Regular marijuana use among college students at a three-decade high, survey says

Daily marijuana use among college students is the highest it’s been in more than three decades, and 51 percent of all full-time college students have admitted to smoking pot at some point in their lives.

The group of University of Michigan scientists who conduct the nationwide Monitoring the Future study says illicit drug use has been rising gradually among American college students since 2006, when 34 percent indicated that they used some illicit drug in the prior year.  By 2013, that rate was up to 39 percent, meaning that 429 of the 1,100 students surveyed said they had used one or more drugs in the 12 months preceding the survey.

The study pointed out that daily or near-daily use of marijuana – defined as 20 or more occasions of use in the prior 30 days – has been on the rise. The recent low was 3.5 percent in 2007, but the rate had risen to 5.1 percent by 2013.  “This is the highest rate of daily use observed among college students since 1981 – a third of a century ago,” Lloyd Johnston, the principal investigator of the MTF study, said in a statement.

“In other words, one in every 20 college students was smoking pot on a daily or near-daily basis in 2013, including one in every 11 males and one in every 34 females. To put this into a longer-term perspective, from 1990 to 1994, fewer than one in 50 college students used marijuana that frequently.”

The survey is part of the long-term MTF study, which also tracks substance use among the nation’s secondary students and older adults under research grants from the National Institute on Drug Abuse.

Marijuana has remained the most widely used illicit drug over the 34 years that MTF has tracked substance use by college students, but the level of use has varied considerably over time.  In 2006, 30 percent of the nation’s college students said they used marijuana in the prior 12 months, whereas in 2013 nearly 36 percent indicated doing so.

Nonmedical use of the amphetamine Adderall, used by some students to stay awake and concentrate when preparing for tests or trying to finish homework, ranks second among the illicit drugs being used in college.  According to the study, 11 percent of college students in 2013 indicated some Adderall use without medical supervision in the prior 12 months.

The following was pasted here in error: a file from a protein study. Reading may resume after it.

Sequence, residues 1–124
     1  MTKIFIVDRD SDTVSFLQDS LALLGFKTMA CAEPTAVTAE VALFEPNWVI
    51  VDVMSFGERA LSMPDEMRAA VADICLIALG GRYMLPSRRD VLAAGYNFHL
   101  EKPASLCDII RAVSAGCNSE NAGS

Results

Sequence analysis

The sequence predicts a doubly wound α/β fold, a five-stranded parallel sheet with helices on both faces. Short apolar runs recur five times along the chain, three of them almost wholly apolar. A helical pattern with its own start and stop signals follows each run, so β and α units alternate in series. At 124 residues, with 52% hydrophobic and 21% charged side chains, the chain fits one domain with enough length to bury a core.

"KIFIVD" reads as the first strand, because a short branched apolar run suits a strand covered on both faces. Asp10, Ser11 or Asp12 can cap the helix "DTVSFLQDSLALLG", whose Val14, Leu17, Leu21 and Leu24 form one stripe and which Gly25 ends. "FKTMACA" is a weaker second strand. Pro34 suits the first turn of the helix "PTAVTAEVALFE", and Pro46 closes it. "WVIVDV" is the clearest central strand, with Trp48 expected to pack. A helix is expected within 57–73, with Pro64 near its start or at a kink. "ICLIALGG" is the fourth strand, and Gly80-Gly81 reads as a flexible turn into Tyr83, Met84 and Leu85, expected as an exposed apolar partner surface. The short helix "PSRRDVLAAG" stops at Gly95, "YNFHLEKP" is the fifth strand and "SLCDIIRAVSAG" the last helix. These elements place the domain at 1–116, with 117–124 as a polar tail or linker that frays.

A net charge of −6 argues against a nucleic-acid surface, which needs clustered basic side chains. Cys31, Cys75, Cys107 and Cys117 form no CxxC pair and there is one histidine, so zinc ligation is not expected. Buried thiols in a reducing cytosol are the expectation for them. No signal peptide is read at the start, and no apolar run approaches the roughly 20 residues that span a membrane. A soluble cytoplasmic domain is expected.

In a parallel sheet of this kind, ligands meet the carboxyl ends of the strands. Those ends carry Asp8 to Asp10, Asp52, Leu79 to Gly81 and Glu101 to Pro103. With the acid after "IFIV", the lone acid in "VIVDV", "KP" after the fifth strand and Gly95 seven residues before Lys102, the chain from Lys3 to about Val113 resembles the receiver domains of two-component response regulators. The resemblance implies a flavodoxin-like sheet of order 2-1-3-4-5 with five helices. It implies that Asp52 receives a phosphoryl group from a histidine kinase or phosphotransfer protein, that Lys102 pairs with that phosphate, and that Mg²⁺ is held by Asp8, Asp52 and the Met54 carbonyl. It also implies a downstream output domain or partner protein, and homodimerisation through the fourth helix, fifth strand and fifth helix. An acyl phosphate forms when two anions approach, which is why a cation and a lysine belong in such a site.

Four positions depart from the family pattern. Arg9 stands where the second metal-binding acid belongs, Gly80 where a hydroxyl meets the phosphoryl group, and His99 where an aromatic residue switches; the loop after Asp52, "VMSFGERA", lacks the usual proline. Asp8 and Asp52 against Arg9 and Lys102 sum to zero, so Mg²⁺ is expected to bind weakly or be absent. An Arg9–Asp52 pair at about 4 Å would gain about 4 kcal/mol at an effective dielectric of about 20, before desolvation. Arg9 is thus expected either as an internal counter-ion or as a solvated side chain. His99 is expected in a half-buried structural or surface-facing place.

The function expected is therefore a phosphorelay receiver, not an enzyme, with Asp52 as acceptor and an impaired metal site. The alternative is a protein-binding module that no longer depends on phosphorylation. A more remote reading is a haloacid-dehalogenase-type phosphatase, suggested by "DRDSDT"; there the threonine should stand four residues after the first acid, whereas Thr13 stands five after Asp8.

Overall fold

The use of psycho-stimulants, including Adderall and Ritalin, has nearly doubled since the low point in 2008, but their illegal use remained steady between 2012 and 2013.

The next most frequently used illegal drugs by college students are ecstasy, hallucinogens and narcotic drugs other than heroin. About 5 percent of college students reported they had used one of these in the prior 12 months.

Ecstasy use, after declining considerably between 2002 and 2007, from 9.2 percent annual prevalence to 2.2 percent, has made somewhat of a comeback on campus, the study showed.

Nearly 6 percent of students – 5.8 percent – said they had used ecstasy in the prior 12 months in 2012, and was at 5.3 percent in 2013. Hallucinogen use among college students has remained at about 5 percent since 2007, following an earlier period of decline.

The use of narcotic drugs other than heroin, like Vicodin and OxyContin, peaked in 2006, with 8.8 percent of college students indicating any past-year use without medical supervision. Past-year use of these dangerous drugs by college students has since declined to 5.4 percent in 2012, where it remained in 2013.

Use of synthetic marijuana – which used to be legally available and was sold over the counter in convenience stores and other shops – ranked fairly high in 2011 with past-year use at more than 7 percent of college students that year. Just over 2 percent admitted use in 2013.

Fewer than 1 percent of college students in 2013 admitted to using inhalants, crack cocaine, heroin, methamphetamine, “bath salts,” GHB and ketamine in the previous 12 months.

Conversely, alcohol use has declined some on campuses in recent years. In 2008, 69 percent of students said they had at least one drink in the prior 30 days, whereas in 2013 that number had dropped to 63 percent.

Similarly, the percent indicating that they got drunk during that period fell from a recent high of 48 percent in 2006 to 40 percent by 2011, where it then remained through 2013.

Overall, about three quarters – 76 percent – of college students indicated drinking at least once in the past 12 months, and 58 percent sad they had gotten drunk at least once in that period.

Source:    8th Sept. 2014

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